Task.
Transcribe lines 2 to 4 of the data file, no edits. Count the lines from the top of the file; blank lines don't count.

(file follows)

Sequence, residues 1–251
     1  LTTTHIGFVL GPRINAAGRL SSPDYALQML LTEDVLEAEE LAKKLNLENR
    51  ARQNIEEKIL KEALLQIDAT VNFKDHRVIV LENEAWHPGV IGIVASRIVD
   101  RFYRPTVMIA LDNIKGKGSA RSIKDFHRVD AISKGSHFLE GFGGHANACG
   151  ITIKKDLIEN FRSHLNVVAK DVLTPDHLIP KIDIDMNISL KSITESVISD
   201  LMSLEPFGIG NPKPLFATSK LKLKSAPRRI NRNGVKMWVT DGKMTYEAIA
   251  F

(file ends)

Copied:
     1  LTTTHIGFVL GPRINAAGRL SSPDYALQML LTEDVLEAEE LAKKLNLENR
    51  ARQNIEEKIL KEALLQIDAT VNFKDHRVIV LENEAWHPGV IGIVASRIVD
   101  RFYRPTVMIA LDNIKGKGSA RSIKDFHRVD AISKGSHFLE GFGGHANACG